Guido Pompanin knows a thing or two about The Dolomites. Not surprising really when you consider his father Ugo and few friends built their very own cable car service to ferry passengers 2,700 metres up from Cortina d’Ampezzo to the summit of Mount Lagazuoi in 1965.
Pretty enterprising for a local butcher from Cortina you might say.
Even more enterprising was the luxurious refugi he had the foresight to build a stone’s throw from the cable car station, offering those same passengers a warm and comfortable place to eat, drink, sleep and make merry after their excursions hiking and skiing.
Forty-eight years on and Guido is now at the helm of Rifugio Lagazuoi aided by his wife Alma, overseeing more than a few improvements since those early days. The refuge was even host to the film crew of Cliffhanger for 3 months, while they shot many of those famous mountain scenes nearby with Sly Stallone.
The standard of food and lodging is anything but basic in the numerous refugi around here, high above the fashionable streets of Cortina d’Ampezzo. The legendary Averau Refuge, for example, has been run by husband and wife team Sandro and Paola for over 30 years, offering the kind of accommodation you might find in a good hotel in Lake Como, never mind high up a mountain, together with local recipes you won’t find the likes of anywhere else. Half board from just €50 is good value in anyone’s book.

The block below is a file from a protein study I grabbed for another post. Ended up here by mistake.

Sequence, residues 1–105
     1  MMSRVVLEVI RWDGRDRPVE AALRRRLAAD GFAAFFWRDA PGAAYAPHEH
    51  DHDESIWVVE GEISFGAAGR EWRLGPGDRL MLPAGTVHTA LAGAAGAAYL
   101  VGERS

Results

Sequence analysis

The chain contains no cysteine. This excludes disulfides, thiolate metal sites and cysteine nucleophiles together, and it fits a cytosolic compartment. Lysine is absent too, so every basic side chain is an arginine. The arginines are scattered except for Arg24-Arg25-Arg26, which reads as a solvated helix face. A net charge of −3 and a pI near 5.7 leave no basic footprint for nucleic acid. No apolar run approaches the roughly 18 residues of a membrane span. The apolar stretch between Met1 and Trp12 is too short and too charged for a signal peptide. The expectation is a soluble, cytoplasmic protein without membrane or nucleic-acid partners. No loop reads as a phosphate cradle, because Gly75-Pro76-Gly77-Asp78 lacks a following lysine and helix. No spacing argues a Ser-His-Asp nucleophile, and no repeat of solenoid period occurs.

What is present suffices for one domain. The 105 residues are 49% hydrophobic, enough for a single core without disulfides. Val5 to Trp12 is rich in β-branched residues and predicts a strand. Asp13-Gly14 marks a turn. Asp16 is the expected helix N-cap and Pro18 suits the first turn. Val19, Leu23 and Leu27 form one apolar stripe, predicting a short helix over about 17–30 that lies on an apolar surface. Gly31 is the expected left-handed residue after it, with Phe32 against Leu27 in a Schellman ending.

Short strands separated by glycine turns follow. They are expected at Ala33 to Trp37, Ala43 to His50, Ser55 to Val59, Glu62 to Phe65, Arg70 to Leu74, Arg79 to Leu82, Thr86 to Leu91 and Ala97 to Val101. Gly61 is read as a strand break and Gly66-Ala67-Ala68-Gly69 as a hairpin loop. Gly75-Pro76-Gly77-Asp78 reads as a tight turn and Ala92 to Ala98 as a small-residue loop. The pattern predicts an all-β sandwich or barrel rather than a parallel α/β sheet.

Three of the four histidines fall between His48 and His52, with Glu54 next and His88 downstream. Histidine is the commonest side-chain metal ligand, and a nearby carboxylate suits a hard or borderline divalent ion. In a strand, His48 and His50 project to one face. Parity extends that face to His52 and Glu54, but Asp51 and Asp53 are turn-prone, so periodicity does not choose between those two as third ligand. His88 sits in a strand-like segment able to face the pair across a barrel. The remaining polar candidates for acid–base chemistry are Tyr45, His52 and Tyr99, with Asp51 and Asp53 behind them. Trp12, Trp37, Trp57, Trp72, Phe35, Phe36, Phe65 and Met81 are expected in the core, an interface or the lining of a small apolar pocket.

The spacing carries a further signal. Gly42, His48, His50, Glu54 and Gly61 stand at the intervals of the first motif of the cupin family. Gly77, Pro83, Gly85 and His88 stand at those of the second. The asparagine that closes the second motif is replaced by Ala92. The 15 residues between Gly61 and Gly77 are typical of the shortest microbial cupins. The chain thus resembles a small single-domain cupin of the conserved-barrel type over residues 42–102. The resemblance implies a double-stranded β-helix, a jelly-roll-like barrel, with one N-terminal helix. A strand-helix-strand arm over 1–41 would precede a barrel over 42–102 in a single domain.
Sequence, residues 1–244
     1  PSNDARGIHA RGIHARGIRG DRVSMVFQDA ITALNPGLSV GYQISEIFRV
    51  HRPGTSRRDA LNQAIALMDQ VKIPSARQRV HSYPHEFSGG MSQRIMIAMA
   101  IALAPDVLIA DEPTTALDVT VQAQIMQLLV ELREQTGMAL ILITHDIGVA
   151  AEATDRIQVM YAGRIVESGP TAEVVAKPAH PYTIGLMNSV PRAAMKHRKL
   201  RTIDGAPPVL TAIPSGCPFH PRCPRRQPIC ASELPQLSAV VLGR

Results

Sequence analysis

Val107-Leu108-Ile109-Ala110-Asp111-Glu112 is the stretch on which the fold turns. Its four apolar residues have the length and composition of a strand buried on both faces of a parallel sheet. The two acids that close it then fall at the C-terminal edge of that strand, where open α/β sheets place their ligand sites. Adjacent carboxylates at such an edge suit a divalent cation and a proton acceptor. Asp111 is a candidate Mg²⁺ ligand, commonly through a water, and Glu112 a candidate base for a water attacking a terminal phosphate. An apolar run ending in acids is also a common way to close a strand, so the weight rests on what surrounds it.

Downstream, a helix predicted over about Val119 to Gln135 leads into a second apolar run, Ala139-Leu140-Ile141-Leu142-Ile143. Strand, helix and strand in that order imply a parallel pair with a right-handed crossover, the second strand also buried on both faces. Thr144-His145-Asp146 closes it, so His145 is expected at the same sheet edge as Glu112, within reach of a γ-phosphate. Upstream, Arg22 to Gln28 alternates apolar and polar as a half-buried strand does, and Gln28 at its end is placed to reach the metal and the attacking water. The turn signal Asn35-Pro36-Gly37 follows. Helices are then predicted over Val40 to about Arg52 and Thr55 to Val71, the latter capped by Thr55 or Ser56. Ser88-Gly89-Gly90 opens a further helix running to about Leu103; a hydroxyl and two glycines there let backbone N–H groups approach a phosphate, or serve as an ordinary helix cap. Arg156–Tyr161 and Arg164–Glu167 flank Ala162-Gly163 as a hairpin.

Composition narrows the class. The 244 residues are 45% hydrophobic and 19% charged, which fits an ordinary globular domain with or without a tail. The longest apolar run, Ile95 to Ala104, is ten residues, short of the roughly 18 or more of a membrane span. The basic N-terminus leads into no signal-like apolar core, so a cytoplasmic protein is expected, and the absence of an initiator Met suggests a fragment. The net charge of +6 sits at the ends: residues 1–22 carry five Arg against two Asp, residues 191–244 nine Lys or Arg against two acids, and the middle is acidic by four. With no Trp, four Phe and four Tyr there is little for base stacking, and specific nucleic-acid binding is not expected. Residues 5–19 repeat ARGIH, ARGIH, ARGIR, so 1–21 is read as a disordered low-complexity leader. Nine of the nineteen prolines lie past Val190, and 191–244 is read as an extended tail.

One thing that hasn’t changed, are the stunning views of Lagazuoi from every window. The sheer drama of this UNESCO protected landscape merely confirms your own mortality, the pale vertical sentinels of The Dolomites already standing proud for millennia will still be there long after we depart these shores. It is summer season, and The Dolomites bring a different form of pleasure to what Cortina d’Ampezzo is perhaps better known for.
The famed black runs might be silent now, but the cable cars are busy with different traffic; the bikers and hikers eager to explore the numerous Via Ferrata routes. There are many who claim Cortina’s growing summer season is more popular than winter. And it’s a fair argument. The so-called “Queen of the Dolomites” offers an impressive base to explore the region; her streets awash with hotels, restaurants and shops offering everything from outdoor clothing to the hottest Milan fashion. The Corso Italia, Cortina’s famous pedestrian street sweeps around the ancient cathedral and through the centre of town, thronged by locals out for a late afternoon stroll. The impressive five star Radisson Collection Grand Hotel Savoia sits discreetly at one end, far too imperious to get too close to the action but It is, however, a fine example of alpine luxury, particularly following its recent multimillion-euro renovation.